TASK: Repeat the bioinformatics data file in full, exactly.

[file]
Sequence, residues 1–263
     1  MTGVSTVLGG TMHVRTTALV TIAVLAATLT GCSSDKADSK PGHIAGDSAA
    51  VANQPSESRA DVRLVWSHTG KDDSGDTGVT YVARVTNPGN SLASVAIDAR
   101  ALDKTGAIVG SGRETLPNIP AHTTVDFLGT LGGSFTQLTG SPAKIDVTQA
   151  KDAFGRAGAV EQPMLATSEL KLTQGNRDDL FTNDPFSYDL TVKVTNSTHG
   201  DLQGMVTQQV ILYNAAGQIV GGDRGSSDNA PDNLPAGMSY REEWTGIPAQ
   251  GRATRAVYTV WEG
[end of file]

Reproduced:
Sequence, residues 1–263
     1  MTGVSTVLGG TMHVRTTALV TIAVLAATLT GCSSDKADSK PGHIAGDSAA
    51  VANQPSESRA DVRLVWSHTG KDDSGDTGVT YVARVTNPGN SLASVAIDAR
   101  ALDKTGAIVG SGRETLPNIP AHTTVDFLGT LGGSFTQLTG SPAKIDVTQA
   151  KDAFGRAGAV EQPMLATSEL KLTQGNRDDL FTNDPFSYDL TVKVTNSTHG
   201  DLQGMVTQQV ILYNAAGQIV GGDRGSSDNA PDNLPAGMSY REEWTGIPAQ
   251  GRATRAVYTV WEG